Ribosomal Effects of Thiostrepton and Related Antibiotics

  • Eric Cundliffe
  • Janet E. Beven
  • Peter D. Dixon
Conference paper
Part of the Topics in Infectious Diseases book series (TIDIS, volume 1)


Thiostrepton (alias bryamycin) is a polypeptide antibiotic of sixteen residues with several modifications to the amino acids, for example cyclizatior of cysteine residues. A portion of the molecule is cyclic and there is an ester linkage to a terminal quinaldic acid derivative (Anderson et al., 1970). Thiostrepton inhibits protein synthesis on procaryotic ribosomes by binding firmly to the 50s ribosomal subunit (Weisblum & Demohn, 1970a) with 1:1 stoichiometry (Sopori & Lengyel, 1972; Gordon & Highland, 1974) and recently (Highland et al., 1974), ribosomal protein L11 of E. coli was implicated in the thiostreptonbinding reaction. To date however, no detailed analysis of thiostreptonresistant ribosomes has been reported although a mutant of E. coli, resistant to the related antibiotic, thiopeptin, possesses altered 50s ribosomal subunits (Liou et al., 1973). Other antibiotics, chemically related to thiostrepton and thiopeptin, include siomycin and sporangiomycin, and although the complete structure is only available for thiostrepton it is already apparent that this group of compounds have identical (or closely similar) biochemical modes of action. (For a review, see Cundliffe 1972a; also Pirali et al., 1972).


Inhibit Protein Synthesis Antibiotic Production Fusidic Acid Streptomyces Griseus Nascent Peptide 
These keywords were added by machine and not by the authors. This process is experimental and the keywords may be updated as the learning algorithm improves.


Unable to display preview. Download preview PDF.

Unable to display preview. Download preview PDF.


  1. ANDERSON, B., HODGKIN, D.C. and M.A. WISWAMITRA: The structure of thiostrepton. Nature 225 233–235 (1970).PubMedCrossRefGoogle Scholar
  2. BALLESTA, J.P.G. and D. VAZQUEZ: Elongation factor T-dependent hydrolysis of guanine triphosphate resistant to thiostrepton. Proc. Nat. Acad. Sci. USA 69, 3058–3062 (1972).PubMedCrossRefGoogle Scholar
  3. BENVENISTE, R. and J. DAVIES: Aminoglycoside antibiotic-inactivating enzymes in actinomycetes similar to those present in clinical isolates of antibiotic-resistant bacteria. Proc. Nat. Acad. Sci. USA 70, 2276–2280 (1973).PubMedCrossRefGoogle Scholar
  4. BODLEY, J.W., LIN, L. and J.H. HIGHLAND: Thiostrepton prevents the formation of a ribosome•G factor guanine nucleotide complex. Biochem. Biophys. Research Commun. 41, 1406–1411 (1970).CrossRefGoogle Scholar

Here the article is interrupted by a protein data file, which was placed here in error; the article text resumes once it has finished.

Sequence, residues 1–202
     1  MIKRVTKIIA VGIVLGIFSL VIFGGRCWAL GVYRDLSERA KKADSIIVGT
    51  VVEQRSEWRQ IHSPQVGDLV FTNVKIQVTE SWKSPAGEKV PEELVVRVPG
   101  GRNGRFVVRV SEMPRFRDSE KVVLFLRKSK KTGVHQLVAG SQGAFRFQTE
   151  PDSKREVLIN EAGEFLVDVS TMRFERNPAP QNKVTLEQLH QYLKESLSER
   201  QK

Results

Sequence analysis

5. BODLEY, J.W., ZIEVE, F.J., LIN, L. and S.T. ZIEVE: Formation of the ribosome•G factor-GDP complex in the presence of fusidic acid. Biochem. Biophys. Research Commun. 37, 437–443 (1969).CrossRefGoogle Scholar
  6. BROOKES, P., FULLER, A.T. and J. WALKER: Chemistry of micrococcin P. P.rt 1. J. Chem. Soc. p. 689 (1957).Google Scholar
  7. BULOCK, J.D.: Intermediary metabolism and antibiotic synthesis. Adv. in App. Microbiol. 3, 293–342 (1961).Google Scholar
  8. BURNS, D.J.W. and E. CUNDLIFFE: Bacterial protein synthesis. A novel system for studying antibiotic action in vivo. Eur. J. Biochem. 37, 570–574 (1973).PubMedCrossRefGoogle Scholar
  9. CABRER, B., VAZQUEZ, D. and J. MODOLELL: Inhibition by elongation factor G of aminoacyl-tRNA binding to ribosomes. Proc. Nat. Acad. Sci. USA 69, 733–736 (1972).PubMedCrossRefGoogle Scholar
  10. CANNON, M. and K. BURNS: Modes of action of erythromycin and thiostrepton as inhibitors of protein synthesis. FEBS Lett. 18, 1–5 (1971).PubMedCrossRefGoogle Scholar
  11. CELMA, M.L., VAZQUEZ, D. and J. MODOLELL: Failure of fusidic acid and siomycin to block ribosomes in the pretranslocated state. Biochem. Biophys. Research Commun. 48, 1240–1246 (1972).CrossRefGoogle Scholar
  12. CUNDLIFFE, E: The mode of action of thiostrepton in vivo. Biochem. Biophys. Research Commun. 44, 912–917 (1971).CrossRefGoogle Scholar
  13. CUNDLIFFE, E.: Antibiotic inhibitors of ribosome function, in Molecular basis of antibiotic action. Authors E.F. Gale, E. CundliffeGoogle Scholar
  14. P.E. Reynolds, M.H. Richmond and M.J. Waring. Pages 278–379. Wiley and Sons, London (1972a).Google Scholar